With judicial opening, it’s time to rage against dying of Constitution 

When the poet Dylan Thomas said, “Rage, rage against the dying of the light,” he was talking about old people and their demise. But the powerful phrase also could instruct us on other issues, such as fighting against the death of our Constitution, which oddly enough is most endangered by those who refer to it as “living.”

Drafted by men who had studied that history and their own colonial history, who had immersed themselves in the lessons of ancient civilizations and studies of European governments, whose high idealism co-existed with insightful realism, the document has endured through decades of those who would dim it.

While not the bright force it once was, it’s always a reminder of the grand dream this nation set out to realize.

Protecting and restoring it are crucial, and the wrong replacement for retiring Justice John Paul Stevens could put it in further jeopardy. Republicans should be prepared to resist if President Barack Obama nominates someone whose judicial philosophy shows it disrespect, even if the dissenters stand little chance of keeping the person off the Supreme Court.

They should especially watch out for any nominee who tells us what at least one of those prominently mentioned for the job does — that this 18th-century document just won’t serve in the 21st century if taken too literally.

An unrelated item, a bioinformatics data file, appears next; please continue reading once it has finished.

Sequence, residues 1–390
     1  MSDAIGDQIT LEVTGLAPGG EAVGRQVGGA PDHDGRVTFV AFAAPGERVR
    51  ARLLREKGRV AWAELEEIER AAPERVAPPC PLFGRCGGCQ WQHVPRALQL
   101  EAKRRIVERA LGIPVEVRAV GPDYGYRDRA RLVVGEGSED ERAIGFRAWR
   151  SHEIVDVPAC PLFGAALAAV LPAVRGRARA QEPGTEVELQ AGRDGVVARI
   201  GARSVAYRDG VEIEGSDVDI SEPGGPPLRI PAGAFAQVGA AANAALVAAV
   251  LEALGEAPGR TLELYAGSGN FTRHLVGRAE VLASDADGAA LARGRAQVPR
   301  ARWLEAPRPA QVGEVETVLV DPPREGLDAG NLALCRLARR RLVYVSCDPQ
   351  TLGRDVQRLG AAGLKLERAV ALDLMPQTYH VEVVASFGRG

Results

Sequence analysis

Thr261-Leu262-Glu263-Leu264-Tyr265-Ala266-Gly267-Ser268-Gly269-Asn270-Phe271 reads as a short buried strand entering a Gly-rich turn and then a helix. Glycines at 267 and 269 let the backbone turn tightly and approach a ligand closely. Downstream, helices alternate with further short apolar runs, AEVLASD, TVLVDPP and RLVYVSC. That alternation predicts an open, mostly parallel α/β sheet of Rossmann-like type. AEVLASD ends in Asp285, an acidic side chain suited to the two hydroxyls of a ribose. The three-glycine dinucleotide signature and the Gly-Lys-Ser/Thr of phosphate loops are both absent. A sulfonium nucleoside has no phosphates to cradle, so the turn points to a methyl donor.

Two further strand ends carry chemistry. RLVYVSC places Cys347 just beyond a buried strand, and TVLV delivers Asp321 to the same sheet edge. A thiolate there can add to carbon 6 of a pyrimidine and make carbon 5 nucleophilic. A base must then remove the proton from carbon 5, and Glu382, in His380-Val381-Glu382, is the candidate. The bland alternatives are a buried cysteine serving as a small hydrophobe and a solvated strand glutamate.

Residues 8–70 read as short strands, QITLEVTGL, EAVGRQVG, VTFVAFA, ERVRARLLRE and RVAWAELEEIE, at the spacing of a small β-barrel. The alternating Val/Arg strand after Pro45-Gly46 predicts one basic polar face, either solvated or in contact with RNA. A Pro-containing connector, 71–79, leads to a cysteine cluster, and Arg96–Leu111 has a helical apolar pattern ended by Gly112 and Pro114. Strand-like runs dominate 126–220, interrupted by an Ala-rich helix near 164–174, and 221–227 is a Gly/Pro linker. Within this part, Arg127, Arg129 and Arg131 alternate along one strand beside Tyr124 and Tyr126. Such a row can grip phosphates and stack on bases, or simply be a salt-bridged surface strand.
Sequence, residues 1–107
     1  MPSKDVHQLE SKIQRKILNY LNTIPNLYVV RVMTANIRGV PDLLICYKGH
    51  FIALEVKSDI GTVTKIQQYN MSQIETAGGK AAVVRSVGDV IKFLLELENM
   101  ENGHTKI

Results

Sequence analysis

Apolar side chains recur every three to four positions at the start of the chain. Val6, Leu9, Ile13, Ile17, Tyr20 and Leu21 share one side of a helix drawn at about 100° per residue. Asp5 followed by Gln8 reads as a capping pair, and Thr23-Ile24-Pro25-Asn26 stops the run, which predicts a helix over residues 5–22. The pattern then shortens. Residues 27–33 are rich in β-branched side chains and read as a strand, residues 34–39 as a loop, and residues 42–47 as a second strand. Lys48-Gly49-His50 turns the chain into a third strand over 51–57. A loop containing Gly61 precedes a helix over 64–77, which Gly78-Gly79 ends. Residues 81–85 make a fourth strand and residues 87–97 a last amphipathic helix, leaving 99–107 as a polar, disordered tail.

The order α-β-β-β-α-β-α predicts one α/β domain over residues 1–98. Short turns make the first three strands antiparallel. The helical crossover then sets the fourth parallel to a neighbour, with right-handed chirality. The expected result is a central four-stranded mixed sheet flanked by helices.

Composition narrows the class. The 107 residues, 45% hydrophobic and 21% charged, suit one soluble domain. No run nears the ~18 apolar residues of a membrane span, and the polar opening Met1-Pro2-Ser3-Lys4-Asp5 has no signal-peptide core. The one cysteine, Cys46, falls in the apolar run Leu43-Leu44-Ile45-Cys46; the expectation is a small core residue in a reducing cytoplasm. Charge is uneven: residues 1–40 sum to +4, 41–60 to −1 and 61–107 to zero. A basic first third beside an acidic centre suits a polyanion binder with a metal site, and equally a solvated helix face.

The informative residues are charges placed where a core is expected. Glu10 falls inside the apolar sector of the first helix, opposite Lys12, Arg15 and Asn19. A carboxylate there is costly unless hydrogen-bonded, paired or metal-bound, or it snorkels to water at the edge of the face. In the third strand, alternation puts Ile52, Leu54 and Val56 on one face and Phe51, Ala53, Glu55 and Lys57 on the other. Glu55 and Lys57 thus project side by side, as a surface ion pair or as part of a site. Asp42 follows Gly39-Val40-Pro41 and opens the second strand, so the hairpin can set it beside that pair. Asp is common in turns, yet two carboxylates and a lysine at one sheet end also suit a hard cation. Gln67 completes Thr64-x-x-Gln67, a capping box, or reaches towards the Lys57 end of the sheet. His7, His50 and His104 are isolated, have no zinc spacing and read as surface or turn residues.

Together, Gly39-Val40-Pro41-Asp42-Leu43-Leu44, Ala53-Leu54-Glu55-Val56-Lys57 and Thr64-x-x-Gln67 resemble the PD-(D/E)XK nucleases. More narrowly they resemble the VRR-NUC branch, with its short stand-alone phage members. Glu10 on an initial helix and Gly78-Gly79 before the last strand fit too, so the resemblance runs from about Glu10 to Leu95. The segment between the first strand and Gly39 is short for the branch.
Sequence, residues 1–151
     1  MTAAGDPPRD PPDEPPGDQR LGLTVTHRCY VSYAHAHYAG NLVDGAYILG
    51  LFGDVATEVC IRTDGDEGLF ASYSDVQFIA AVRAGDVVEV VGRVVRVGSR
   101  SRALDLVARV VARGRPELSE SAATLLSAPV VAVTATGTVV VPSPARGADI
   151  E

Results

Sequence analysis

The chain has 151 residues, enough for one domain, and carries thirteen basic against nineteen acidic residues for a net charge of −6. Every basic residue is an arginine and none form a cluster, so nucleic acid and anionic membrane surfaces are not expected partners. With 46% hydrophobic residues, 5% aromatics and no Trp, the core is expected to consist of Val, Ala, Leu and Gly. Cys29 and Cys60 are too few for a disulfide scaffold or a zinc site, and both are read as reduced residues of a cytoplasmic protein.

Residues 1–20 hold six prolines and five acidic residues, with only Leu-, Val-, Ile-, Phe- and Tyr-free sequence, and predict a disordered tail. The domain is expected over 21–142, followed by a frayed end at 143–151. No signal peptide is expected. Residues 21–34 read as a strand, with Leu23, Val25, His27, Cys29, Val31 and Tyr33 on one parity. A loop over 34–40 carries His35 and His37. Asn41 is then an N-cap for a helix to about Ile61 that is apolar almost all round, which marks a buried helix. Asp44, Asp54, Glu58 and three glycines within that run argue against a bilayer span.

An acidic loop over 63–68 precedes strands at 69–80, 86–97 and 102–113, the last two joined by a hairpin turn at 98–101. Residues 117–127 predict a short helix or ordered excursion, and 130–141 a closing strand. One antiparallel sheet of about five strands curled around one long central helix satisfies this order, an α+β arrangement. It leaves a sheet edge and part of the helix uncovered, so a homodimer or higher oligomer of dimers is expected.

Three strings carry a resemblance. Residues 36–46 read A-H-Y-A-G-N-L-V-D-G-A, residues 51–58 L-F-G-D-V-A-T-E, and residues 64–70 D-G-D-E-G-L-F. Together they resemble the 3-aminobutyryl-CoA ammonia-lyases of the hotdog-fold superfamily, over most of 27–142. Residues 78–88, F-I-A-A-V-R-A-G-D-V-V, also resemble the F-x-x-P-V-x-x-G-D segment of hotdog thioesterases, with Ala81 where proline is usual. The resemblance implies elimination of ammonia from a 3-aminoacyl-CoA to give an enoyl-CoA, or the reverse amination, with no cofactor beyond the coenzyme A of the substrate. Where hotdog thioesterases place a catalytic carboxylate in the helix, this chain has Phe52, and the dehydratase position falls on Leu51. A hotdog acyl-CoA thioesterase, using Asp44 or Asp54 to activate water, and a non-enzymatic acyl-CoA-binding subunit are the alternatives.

The liberal call today is for a “living” Constitution that somehow instructs us by its spirit. Republicans can answer that a consequence of this theory is judicial oligarchy.

Defeated court nominee Robert Bork rightly dismisses the contention that in order to know what various constitutional passages are all about, you would have to see into the minds of the authors. You instead do the same thing you do with current laws: You read them.

Obviously, different people will sometimes come up with different interpretations. The point is to take these passages seriously, not simply to desert them as no longer relevant.

What we do not need — what ultimately could give us a terrible dying of the light — is what we have been getting too much of: amendment by judicial fiat.

Rage against that, Republicans, and do not worry too much about politics. The job is to safeguard the nation.

Examiner columnist Jay Ambrose is a former Washington opinion writer and editor of two dailies. He can be reached at Speaktojay@aol.com.

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